Saturday, 27 November 2010

I predict a riot

Presently, the UK is in chaos. Hazardous snowy weather, jobless millions and a shaky coalition government trying to clean the mess its predecessor left behind.

After years of poor governing and escalating debts, the UK was in obvious need of an overhaul. Drastic cuts, increased taxes and political reform. It was on the cards and yet there was always going to be some who didn't like the hand they were dealt...

A few days ago, thousands stormed the Liberal Democrat headquarters to protest against one such increase -University tuition fees- and the anger of a broken promise. A promise from the Lib Dem leader, Nick Clegg, to scrap those fees completely.

But a seemingly peaceful protest descended into violence. Youths smashed windows with metal implements. A Police Van vandalised, people injured and, eventually, the protest bought to an abrupt end by hundreds of Officers.

Still, they wanted to shout for their cause. One sixth-form student said, '£9,000 a year fees are a joke. For three years, that's £21,000. It's ridiculous.' She's correct. It is ridiculous that after 18 years of education she still doesn't know her times tables.

Reader, I do understand their innumerate frustration. I was a student. I remember the struggle to find the £3,000 per year tuition fees, not to mention the thousands for accommodation and living expenses. University life adds up to one very expensive equation.

And sadly, for most young protesters there, University is not worth the math. They do not want an education. They want an easy ride; 4 lectures per week, booze-filled nights and 40% to pass the year. A three year gap before having to look for work.

But in that crowd, on shards of broken glass, there are those few. Those who articulate their peaceful protest, who have the common sense to know violence is never the answer. They are fuelled by a desire to be more. They want to learn and grow as human beings and show the world their potential.

What happens to them? Amidst the screams of pointless violence, who will hear their voices?

Reader, what say you?

Tuesday, 16 November 2010

Farmyard Animals

Last Saturday was my sister's Hen night. One of the rare occasions where women willingly dress like idiots, with a flashing garter, fluffy handcuffs and a giant sash proclaiming 'Bride to Be' in bright pink letters. The white veil didn't give that one away.

The Hen, some chicks- and a few guys I'd never met- assembled in a local bar, where we doused ourselves in glitter because, apparently, nothing says P-A-R-T-Y more than a generous dose of glitter spray. With escalating noise we morphed into a bunch of farmyard animals, annoying bemused drinkers just wanting a quiet pint on a Saturday afternoon. Boo moo.

The train to central London was ten minutes of dirty jokes and laughter, quizzical stares and stupid queries to my sister: 'Are you getting married?' No. She dresses like that every weekend.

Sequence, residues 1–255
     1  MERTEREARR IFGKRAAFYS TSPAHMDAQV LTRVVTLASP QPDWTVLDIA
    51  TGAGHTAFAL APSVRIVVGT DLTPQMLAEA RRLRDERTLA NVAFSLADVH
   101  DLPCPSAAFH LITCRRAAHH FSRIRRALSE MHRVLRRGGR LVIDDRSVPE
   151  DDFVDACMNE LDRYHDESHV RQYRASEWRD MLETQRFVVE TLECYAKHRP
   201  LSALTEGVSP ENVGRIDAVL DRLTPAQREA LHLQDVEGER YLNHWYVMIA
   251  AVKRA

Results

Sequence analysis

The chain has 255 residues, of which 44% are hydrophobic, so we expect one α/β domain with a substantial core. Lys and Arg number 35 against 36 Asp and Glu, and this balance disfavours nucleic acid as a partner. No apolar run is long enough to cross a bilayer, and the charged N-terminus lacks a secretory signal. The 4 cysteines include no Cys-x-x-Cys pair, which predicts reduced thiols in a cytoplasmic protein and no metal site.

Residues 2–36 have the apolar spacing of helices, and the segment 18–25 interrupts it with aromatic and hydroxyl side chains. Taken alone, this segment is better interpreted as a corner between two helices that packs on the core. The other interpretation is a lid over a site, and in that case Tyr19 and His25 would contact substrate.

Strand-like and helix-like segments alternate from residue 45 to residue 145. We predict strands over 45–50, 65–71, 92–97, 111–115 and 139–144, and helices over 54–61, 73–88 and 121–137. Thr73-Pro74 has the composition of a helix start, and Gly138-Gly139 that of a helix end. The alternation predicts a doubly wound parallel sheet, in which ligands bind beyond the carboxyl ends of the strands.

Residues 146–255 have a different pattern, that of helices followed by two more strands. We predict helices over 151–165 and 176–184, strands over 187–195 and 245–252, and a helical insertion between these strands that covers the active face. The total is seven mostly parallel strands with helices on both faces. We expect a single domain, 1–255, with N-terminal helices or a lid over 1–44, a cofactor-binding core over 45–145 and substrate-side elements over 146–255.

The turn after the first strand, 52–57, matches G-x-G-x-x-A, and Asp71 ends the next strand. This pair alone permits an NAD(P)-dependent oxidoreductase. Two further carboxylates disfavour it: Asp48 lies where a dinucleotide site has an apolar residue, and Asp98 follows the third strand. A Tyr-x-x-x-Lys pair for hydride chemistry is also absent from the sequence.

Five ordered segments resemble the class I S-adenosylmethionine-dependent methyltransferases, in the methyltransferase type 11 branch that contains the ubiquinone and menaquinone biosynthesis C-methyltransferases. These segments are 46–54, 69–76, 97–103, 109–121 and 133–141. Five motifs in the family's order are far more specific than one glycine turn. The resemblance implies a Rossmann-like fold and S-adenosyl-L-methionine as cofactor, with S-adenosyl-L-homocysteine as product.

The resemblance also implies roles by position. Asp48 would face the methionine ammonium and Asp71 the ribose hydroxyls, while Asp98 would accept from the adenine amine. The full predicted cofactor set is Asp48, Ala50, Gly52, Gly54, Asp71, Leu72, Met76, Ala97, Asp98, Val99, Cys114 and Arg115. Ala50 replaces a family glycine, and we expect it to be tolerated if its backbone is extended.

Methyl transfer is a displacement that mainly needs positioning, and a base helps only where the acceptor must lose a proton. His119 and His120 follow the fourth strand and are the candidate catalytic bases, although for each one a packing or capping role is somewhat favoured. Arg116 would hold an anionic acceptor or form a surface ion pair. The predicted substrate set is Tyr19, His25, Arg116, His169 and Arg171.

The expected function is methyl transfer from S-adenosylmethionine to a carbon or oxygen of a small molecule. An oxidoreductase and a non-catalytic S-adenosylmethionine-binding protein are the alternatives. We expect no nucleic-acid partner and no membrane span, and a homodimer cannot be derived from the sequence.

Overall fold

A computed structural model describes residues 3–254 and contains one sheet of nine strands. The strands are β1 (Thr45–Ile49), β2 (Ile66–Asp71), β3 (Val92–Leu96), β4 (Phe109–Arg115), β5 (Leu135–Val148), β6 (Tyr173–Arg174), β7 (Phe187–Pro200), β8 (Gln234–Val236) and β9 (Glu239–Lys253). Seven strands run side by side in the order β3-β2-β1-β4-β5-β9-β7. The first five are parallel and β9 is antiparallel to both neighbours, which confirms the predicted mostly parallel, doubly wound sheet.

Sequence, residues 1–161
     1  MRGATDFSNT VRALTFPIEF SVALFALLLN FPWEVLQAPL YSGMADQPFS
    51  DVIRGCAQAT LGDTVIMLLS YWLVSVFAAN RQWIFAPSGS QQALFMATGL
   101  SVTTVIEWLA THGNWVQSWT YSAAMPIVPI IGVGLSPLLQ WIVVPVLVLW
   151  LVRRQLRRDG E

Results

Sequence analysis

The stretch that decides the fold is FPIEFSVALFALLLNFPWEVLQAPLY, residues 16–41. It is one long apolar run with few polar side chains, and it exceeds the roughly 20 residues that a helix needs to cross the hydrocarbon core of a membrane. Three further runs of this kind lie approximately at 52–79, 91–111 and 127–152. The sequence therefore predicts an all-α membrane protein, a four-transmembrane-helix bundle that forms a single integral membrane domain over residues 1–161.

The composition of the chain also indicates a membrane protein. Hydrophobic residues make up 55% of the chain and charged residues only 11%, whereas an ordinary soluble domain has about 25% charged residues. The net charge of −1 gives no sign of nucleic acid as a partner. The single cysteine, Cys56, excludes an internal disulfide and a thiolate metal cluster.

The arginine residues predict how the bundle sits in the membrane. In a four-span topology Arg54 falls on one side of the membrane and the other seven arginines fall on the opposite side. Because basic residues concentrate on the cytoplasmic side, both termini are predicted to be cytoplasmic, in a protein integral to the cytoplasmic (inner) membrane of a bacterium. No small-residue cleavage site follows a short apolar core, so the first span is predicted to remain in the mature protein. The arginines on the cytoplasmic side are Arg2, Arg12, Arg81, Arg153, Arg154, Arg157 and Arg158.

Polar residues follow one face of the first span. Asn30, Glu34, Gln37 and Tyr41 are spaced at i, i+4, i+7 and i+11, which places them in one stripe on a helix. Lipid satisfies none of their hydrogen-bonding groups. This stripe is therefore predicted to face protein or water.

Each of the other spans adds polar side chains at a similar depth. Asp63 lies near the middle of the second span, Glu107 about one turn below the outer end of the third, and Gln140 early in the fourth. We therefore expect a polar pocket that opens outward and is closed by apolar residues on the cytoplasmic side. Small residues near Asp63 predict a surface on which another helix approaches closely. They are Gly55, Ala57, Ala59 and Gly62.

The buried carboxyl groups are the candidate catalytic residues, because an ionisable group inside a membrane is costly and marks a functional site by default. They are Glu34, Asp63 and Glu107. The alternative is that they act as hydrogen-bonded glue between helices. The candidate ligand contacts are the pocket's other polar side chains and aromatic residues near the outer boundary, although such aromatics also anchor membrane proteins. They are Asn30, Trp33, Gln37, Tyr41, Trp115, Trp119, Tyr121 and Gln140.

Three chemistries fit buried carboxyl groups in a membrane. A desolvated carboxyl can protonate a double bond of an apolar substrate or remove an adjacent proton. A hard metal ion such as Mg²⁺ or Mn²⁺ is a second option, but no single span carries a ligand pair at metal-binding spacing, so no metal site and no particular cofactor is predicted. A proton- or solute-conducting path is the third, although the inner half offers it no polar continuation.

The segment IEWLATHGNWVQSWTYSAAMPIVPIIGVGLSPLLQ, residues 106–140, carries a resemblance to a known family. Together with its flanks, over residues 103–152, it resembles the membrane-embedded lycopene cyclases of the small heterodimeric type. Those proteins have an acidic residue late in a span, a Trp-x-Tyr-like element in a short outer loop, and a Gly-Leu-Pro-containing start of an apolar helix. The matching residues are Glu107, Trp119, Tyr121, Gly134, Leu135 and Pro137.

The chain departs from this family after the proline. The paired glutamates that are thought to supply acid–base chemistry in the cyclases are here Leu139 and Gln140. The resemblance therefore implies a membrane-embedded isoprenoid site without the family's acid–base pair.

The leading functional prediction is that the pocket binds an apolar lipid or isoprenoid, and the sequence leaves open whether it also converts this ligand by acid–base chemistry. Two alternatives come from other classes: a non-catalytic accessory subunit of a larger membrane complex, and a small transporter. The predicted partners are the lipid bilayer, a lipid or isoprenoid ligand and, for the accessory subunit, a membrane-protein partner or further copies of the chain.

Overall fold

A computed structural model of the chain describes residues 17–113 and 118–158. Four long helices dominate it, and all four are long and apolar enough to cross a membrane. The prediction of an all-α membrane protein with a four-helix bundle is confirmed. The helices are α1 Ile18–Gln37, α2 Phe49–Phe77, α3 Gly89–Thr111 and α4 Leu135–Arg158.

On the Party Bus we boogied to music piped through the ceiling, throwing streamers and balloons at each other like five year olds. From club to club, boobs were flashed, pints were drunk, and some danced in heels too ridiculous for real life. I don't think my feet will ever recover.

At 4am I stumbled from a taxi, purse empty, tools of torture in hand (evil evil shoes), litres of coconut rum swished against an empty skull. I remembered how to walk but keys and locks required a brain I'd left on Bond Street.

Ten minutes later I was inside. Forgetting that I was twenty-five years old, my mum had waited for my return; cold tea perched on one knee, face slopped in sleep against the sofa. She made three rounds of ham sandwiches and, ravenous, I ate whilst recounting the night's events at a decibel my Dad made sure I knew about later.

And just like that, it was over. A night- planned for months, expected for years, anticipated for days- done. A flash of booze and pinched feet, the over-zealous hands of strangers who groped as you danced by, the buzz of music too loud still ringing in ears. And while I still find glitter in places you wouldn't expect, I realise there is something bigger looming on the horizon. Not quite a speck anymore, not so distant. A wedding.

And so it goes...

Thursday, 4 November 2010

Rear Window

From my rear window
Smudged with the greasy print of fingers
And the smeared corpse of an unwanted spider,
The children play.
Fields lush with green beneath spiked boots
And padded shins.
A whistle blows.

Beyond this glass screen,
Leaves like orange lemons,
Sharp sheets of fire
Burn crisp from starched branches;
A season of weakened spirit,
So it seems.

Past the broken fence and compost heap
At garden's end, to the next street,
The woman, the Adulteress, lies in wait;
Pinching the stub of a cancer stick
To calm nerves before her Lover arrives.
It's exercise.

Birds of black wing and eye
Burst forth from the old Oak next door,
Where neighbours burn tyres and wood
At all hours;
Their garden filled with the carcasses
Of cars and trucks,
And beer bottle lids glint in sunbeams
Like a thousand golden raindrops.

Through the barren hedge where ivy spills
Outwards like green entrails,
The Stranger known for twenty years
Pegs grey whites on a frosted line
With a disheartened sigh;
She retreats inside with an empty basket
Of forgotten dreams.

From my rear window
This play of string-less puppets
Act for me in their Acts
First or final,
Who knows?
A whistle blows.